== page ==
Business leaders spend little time on cyber risks, find Marsh and Microsoft

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A majority of board members and senior executives responsible for their organisation’s cyber risk management had less than a day in the last year to spend on cyber risk issues, according to a new survey from Marsh and Microsoft.

This lack of time for senior leaders to focus on cyber risk comes as concern over threats hits an all-time high, and as confidence in an organisation’s ability to manage cyber threats has declined, the 2019 Marsh Microsoft Global Cyber Risk Perception Survey found.

Marsh and Microsoft surveyed 1,500 organisations from around the world on the current state of cyber risk perceptions and risk management, building on a related survey conducted in 2017.

The new survey from Marsh and Microsoft found that nearly 80% of organisations now rank cyber risk as a top-five concern, up from 62% in 2017.

But only 11% expressed a high degree of confidence in their ability to assess cyber threats, prevent attacks and respond effectively. This is down from 19% in 2017.

For many organisations, strategic cyber risk management remains a challenge. While nearly two-thirds (65%) of those surveyed identified a senior executive or the board as a main owner of cyber risk management, only 17% of c-suite executives and board members said they spent more than a few days in the past year focusing on the issue. More than half, 51%, spent several hours or less.

Likewise, 88% of respondents identified their information technology and information security functions as primary owners of cyber risk management, yet 30% of IT respondents said they spent only a few days or less over the last year focusing on cyber risk.

At the same time, organisations continue to embrace new technologies but are uncertain about the risks they bring, according to Marsh and Microsoft’s survey.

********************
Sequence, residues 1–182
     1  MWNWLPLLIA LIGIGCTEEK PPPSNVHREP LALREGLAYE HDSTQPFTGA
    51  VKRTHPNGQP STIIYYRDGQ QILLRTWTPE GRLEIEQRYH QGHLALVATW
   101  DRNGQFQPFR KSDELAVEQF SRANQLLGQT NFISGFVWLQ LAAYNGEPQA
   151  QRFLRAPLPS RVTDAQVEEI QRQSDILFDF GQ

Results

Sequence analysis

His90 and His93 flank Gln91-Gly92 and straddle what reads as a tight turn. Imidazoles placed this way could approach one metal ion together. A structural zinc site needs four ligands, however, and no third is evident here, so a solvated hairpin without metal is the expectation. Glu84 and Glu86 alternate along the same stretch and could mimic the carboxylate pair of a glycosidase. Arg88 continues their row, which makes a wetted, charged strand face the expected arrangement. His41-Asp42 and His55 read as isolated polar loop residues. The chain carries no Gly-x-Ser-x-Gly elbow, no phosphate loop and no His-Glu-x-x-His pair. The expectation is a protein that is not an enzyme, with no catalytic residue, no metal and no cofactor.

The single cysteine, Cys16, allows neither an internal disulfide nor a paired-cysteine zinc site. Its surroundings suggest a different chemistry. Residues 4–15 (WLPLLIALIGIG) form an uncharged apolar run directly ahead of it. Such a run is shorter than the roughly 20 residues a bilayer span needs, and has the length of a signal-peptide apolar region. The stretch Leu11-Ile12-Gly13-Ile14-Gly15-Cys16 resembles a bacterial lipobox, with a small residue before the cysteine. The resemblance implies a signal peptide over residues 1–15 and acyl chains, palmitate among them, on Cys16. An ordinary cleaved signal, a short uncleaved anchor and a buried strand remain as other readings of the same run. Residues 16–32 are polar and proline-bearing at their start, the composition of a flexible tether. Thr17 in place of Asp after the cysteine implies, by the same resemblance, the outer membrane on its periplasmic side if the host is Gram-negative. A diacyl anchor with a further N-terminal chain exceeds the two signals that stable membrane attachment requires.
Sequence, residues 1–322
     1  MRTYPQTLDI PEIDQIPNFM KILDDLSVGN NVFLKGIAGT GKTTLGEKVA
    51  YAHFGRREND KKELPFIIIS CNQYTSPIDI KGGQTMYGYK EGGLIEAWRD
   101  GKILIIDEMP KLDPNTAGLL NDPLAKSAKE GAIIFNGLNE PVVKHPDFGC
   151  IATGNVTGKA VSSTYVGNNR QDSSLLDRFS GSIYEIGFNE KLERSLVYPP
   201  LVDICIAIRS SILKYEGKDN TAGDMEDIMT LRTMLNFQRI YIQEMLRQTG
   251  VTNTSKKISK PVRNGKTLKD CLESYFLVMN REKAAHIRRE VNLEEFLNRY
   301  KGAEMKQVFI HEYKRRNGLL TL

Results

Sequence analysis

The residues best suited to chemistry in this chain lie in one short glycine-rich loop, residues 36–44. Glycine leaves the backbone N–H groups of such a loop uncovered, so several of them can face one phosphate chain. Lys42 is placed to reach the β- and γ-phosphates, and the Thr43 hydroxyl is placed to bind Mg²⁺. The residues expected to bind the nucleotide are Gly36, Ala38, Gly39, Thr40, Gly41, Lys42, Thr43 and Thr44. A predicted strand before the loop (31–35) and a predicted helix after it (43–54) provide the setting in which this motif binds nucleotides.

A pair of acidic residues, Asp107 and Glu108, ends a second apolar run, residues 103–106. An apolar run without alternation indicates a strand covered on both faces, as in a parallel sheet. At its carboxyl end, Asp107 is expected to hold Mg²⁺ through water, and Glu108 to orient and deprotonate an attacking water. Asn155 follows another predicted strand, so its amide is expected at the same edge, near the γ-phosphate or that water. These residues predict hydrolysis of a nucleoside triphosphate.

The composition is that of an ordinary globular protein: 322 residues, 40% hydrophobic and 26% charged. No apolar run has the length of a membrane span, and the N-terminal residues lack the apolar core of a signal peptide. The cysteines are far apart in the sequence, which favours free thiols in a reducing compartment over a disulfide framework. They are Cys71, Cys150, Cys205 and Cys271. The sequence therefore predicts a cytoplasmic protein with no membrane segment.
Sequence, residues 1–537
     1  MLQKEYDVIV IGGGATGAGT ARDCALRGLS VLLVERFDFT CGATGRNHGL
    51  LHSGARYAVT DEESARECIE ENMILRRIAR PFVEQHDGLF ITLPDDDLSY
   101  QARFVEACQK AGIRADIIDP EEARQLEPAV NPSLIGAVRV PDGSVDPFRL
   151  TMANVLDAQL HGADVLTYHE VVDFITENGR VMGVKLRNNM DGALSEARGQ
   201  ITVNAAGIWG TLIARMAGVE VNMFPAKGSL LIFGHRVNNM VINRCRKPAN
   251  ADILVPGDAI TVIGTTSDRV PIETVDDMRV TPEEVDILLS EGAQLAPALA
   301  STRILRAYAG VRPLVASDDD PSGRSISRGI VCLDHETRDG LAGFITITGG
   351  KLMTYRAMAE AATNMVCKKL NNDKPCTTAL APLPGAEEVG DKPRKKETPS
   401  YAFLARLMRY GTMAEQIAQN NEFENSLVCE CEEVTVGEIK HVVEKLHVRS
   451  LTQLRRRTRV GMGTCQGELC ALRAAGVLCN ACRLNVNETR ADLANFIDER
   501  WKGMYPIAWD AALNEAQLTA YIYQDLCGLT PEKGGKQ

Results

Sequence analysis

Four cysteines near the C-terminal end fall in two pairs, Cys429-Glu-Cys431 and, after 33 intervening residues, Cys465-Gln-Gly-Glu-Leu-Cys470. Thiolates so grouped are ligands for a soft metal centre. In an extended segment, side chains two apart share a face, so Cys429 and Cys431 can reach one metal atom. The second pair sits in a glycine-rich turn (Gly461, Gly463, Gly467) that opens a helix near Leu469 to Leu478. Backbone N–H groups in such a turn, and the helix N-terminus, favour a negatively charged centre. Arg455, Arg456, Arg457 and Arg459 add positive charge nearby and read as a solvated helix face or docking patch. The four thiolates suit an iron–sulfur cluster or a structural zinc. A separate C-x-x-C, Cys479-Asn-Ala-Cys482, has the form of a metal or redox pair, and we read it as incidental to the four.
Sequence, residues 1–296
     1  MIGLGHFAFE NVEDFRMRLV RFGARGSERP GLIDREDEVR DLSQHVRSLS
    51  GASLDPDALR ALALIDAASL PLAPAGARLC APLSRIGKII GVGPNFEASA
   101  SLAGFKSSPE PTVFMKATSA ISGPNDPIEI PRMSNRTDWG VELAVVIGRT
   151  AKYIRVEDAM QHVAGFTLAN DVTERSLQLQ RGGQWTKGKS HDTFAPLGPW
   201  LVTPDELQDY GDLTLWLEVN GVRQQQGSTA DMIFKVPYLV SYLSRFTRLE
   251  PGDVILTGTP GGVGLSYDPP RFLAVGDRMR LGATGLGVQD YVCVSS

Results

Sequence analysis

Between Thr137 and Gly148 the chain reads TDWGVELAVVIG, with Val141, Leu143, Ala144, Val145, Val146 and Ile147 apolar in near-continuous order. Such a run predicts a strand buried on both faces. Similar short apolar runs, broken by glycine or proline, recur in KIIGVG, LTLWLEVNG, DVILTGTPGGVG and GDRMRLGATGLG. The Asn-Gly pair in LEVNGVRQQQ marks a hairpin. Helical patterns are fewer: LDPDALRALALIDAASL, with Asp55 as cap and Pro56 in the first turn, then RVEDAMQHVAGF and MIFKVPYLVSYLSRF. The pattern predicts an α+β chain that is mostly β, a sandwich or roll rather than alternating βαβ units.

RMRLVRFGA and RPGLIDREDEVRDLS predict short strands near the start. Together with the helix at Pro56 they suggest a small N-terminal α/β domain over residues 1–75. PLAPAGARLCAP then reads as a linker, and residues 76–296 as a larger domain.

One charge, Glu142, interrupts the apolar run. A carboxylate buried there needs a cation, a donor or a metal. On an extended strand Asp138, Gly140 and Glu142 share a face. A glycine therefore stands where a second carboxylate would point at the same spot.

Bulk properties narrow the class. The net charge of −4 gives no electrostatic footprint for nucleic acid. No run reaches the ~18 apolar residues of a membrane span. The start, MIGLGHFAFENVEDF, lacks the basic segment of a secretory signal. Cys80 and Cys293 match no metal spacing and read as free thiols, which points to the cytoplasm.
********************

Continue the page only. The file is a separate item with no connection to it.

Three-quarters (77%) of respondents said they are adopting or have adopted cloud computing, robotics or artificial intelligence, yet only 36% say they evaluate cyber risk both before and after adoption; 11% don’t evaluate the risk at all.

Kevin Richards, global head of cyber risk consulting at Marsh, commented: “We are well into the age of cyber risk awareness, yet too many organisations still struggle with creating a strong cyber security culture with appropriate levels for governance, prioritisation, management focus, and ownership.”

“This places them at a disadvantage both in building cyber resilience and in confronting the increasing complex cyber landscape.”

Joram Borenstein, general manager of the cyber security solutions group at Microsoft, added: “In the era of transformational technology and more interconnected supply chains, the cyber risk management practices and mindsets of yesterday no longer suffice and may actually inhibit innovation.”

“It is incumbent upon senior leaders to focus on these issues for the welfare of their organisations, their customers, their employees, and beyond.”

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Mark Dugdale is the editor of Claims Media. Mark welcomes articles, letters or feedback from readers and can be reached via mark.dugdale@barkerbrooks.co.uk